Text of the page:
ScienceDaily (2010-06-06) -- Scientists have identified two small RNA molecules which ensure that enough red blood cells are produced efficiently, by fine-tuning a number of different genes involved in this process.
To form red blood cells, large, round cells known as precursors have to become small and disc-shaped, like balls of plasticine squeezed between finger and thumb. In the process, they must also produce the large quantities of haemoglobin that will allow them to transport oxygen, and shrink and dispose of their nucleus. The EMBL scientists found that two microRNAs, called MiR144 and MiR451, control the final stages of this process.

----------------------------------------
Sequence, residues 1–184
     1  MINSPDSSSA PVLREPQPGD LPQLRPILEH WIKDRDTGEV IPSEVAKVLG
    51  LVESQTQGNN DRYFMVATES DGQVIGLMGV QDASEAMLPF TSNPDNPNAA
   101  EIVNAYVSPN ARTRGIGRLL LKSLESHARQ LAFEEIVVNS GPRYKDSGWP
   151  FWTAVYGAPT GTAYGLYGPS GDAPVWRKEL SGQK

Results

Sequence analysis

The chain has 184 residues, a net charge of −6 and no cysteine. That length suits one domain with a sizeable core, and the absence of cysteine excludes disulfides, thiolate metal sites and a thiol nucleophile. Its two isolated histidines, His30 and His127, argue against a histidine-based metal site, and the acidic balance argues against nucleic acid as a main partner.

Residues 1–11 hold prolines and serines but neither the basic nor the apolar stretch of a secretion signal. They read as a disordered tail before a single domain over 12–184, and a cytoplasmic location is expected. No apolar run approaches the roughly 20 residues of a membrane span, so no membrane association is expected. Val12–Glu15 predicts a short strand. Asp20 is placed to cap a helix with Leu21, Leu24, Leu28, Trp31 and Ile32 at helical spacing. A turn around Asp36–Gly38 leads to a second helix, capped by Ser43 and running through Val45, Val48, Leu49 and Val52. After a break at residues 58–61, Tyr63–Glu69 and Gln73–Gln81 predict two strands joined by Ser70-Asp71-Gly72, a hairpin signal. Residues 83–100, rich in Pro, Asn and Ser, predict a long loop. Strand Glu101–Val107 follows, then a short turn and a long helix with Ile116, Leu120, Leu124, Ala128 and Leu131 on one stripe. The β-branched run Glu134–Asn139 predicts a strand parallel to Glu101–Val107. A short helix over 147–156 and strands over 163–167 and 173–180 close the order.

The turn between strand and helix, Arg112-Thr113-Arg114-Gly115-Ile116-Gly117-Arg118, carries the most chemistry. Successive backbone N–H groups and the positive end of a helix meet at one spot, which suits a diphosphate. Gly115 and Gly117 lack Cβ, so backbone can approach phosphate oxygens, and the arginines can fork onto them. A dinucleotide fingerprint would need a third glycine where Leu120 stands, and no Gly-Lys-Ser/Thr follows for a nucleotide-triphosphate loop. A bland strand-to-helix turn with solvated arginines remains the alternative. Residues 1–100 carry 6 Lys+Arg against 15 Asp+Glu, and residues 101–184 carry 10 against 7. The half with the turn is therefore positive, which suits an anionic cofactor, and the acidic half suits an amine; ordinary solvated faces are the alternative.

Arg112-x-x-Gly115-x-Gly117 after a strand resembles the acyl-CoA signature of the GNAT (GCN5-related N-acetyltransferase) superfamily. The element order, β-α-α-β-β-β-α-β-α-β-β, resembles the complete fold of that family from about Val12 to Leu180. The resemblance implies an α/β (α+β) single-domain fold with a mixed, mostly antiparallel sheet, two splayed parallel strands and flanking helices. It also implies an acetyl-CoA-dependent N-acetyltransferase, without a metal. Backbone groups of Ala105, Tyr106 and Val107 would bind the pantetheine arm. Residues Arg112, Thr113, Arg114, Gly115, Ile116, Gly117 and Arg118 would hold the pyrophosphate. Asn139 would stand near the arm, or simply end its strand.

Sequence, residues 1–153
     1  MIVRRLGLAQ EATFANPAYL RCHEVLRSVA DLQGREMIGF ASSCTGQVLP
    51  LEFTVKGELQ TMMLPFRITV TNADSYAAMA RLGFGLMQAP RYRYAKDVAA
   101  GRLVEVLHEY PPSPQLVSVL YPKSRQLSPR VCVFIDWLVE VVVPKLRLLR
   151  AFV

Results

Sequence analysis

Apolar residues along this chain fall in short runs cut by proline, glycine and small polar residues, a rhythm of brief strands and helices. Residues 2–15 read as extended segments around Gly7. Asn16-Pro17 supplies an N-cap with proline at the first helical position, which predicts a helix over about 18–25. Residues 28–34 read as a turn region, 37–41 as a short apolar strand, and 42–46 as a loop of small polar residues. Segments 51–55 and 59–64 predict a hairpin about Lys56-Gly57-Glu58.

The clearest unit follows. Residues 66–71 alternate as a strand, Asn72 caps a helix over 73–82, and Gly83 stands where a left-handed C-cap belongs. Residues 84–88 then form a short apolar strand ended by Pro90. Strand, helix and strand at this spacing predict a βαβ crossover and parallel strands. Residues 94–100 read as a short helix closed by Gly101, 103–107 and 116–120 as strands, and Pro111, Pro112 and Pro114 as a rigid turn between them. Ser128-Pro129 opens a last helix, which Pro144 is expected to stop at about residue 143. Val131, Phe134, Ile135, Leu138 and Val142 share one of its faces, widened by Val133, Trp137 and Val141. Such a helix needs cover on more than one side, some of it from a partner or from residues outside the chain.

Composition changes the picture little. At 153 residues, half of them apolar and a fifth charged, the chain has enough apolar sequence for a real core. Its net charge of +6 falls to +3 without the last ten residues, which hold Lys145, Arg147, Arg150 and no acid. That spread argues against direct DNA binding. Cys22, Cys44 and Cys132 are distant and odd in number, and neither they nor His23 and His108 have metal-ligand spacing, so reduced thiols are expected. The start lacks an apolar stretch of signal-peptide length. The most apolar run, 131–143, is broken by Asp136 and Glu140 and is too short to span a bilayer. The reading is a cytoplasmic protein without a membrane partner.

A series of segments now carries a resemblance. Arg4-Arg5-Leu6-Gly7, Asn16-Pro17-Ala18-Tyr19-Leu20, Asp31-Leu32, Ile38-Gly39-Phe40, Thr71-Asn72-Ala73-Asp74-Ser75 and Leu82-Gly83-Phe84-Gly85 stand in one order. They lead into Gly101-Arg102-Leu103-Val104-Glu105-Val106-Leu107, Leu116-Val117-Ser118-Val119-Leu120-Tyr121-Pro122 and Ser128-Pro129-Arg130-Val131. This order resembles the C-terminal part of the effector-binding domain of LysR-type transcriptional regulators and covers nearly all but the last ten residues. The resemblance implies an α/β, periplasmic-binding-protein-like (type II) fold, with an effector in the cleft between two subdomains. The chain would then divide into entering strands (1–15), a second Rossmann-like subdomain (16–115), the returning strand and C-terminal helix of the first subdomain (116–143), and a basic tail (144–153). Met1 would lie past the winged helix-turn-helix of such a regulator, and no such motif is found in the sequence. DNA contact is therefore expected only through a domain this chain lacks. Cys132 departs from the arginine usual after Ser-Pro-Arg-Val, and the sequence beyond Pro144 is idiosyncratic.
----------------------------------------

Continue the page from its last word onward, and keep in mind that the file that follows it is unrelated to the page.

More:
blood cell formation, or haematopoiesis
K. D. Rasmussen, S. Simmini, C. Abreu-Goodger, N. Bartonicek, M. Di Giacomo, D. Bilbao-Cortes, R. Horos, M. Von Lindern, A. J. Enright, D. O'Carroll. The miR-144/451 locus is required for erythroid homeostasis. Journal of Experimental Medicine, 2010; DOI: 10.1084/jem.20100458